Senate Democrats couldn't muster the requisite 60 votes needed to break a Republican filibuster concerning financial reform legislation, stalling the bill's movement by keeping it off the floor for debate.
Federal Reserve Chairman Ben Bernanke

Company News

Visa ( V), like other credit card firms before it this earnings season, beat profit estimates by a nickel after the closing bell at 96 cents a share on a better-than-expected jump in payment volume. Visa posted 71 cents a share in the year-earlier quarter.

Solar panel maker First Solar ( FSLR) also topped estimates late Wednesday, and guided higher for the year. Shares were gaining 6.7% in the after-hours session after slipping 0.2% in the afternoon.

Sprint Nextel ( S) reported a first-quarter loss of 29 cents a share in the morning and said it expects both post-paid and total subscriber losses to narrow in 2010 as it introduces new devices. Sprint shares improved 4.2%.

Comcast's ( CMCSA) stock closed 35 cents higher, or 1.9%, to $18.81 after the cable company said spending cuts and modest sales growth helped top analysts' first-quarter profit estimates by a penny.

Hess ( HES) soared past analysts' estimates with first-quarter earnings of $1.65 a share on sales of $9.2 billion. Earlier,

Royal Dutch Shell ( RDS.A) credited a 57% surge in first-quarter earnings to higher oil prices and improved production.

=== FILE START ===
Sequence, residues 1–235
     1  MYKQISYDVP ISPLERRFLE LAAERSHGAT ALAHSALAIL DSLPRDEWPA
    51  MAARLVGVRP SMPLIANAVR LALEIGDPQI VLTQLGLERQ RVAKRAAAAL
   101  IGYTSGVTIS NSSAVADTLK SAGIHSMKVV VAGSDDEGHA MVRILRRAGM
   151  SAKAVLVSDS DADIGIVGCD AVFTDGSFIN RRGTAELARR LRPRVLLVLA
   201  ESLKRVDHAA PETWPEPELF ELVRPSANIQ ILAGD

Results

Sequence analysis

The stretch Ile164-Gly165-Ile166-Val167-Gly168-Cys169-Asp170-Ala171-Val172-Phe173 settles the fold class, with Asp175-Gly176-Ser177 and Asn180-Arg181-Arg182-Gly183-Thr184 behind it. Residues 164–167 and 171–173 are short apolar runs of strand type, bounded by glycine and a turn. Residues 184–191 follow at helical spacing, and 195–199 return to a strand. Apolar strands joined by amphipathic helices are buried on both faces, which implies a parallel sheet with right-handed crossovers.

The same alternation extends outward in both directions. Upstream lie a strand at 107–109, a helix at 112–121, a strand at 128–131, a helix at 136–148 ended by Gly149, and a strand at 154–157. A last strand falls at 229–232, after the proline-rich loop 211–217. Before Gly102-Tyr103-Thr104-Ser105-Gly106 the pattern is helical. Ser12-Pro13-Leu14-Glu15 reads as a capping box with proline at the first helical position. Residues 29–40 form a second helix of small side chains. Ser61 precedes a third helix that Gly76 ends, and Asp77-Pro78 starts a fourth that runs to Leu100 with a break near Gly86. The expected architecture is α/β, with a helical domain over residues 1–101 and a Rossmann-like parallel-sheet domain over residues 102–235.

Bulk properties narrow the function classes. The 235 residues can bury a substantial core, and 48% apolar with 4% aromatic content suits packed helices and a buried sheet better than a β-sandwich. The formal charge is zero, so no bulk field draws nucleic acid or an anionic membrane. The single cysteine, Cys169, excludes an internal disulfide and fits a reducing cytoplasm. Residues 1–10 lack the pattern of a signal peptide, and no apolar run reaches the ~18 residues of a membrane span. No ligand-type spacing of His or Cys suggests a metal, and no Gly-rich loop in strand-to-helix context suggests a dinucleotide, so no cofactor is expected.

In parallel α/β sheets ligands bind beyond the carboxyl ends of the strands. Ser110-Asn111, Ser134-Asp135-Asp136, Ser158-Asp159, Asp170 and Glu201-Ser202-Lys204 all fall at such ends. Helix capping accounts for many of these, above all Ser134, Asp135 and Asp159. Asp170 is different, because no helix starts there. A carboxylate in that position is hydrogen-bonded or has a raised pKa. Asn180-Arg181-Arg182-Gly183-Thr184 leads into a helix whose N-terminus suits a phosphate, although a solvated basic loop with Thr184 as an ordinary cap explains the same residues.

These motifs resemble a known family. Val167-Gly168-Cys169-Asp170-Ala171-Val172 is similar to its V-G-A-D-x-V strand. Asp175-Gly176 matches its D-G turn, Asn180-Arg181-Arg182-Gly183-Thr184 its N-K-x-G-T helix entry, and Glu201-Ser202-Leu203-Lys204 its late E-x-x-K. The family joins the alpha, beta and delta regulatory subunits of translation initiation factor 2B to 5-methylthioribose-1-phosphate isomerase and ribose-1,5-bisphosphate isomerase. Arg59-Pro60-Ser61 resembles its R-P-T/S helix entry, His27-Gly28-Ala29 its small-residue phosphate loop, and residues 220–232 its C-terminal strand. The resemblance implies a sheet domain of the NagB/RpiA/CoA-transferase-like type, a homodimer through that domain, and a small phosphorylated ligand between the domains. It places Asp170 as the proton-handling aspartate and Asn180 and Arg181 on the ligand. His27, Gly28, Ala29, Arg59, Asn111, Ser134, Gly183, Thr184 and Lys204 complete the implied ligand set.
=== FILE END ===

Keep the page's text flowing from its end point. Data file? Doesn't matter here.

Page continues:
Shares of Dow Chemical ( DOW) rose by 5.9% after the company reported better-than-expected earnings for the first quarter and said it is seeing improved consumer spending on cars, electronics and appliances.

Northrop Grumman ( NOC) and General Dynamics ( GD) also reported better-than-expected first-quarter earnings. Their shares gained 2.2% and 0.6%, respectively.

Health benefits company WellPoint ( WLP) said earnings jumped 51% in the first quarter even as membership fell 2.1% year over year.

Medco Health Solutions ( MHS), a pharmacy benefits manager, beat earnings estimates and reaffirmed its full-year guidance, highlighted by strong first-quarter volumes. But shares traded 3.9% lower on gross margin concerns, Reuters reported.

Honda ( HMC) said strong demand from China and India helped it post a profit of 72 billion yen ($774 million) for the January-March quarter.

Toyota ( TM) issued another recall today, this time for some 50,000 Toyota Sequoia SUV's from the 2003 model-year. The recall was announced because of stability-control system issues. Toyota declined by 0.2% to close at $76.84.

Commodities and the Dollar

Following the government inventory report, the June delivery crude oil contract settled at $83.22 a barrel, or 78 cents higher.

Elsewhere in commodity markets, the June gold contract gained $9.60 to settle at $1,171.80 an ounce.

The dollar was recently trading lower against a basket of currencies, with the dollar index down by 0.1%.


The benchmark 10-year Treasury weakened 19/32, lifting the yield to 3.765%.

The two-year note slipped 2/32, increasing the yield to 1.032%. The 30-year bond fell 24/32, raising the yield to 4.626%.

--Written by Melinda Peer and Sung Moss in New York.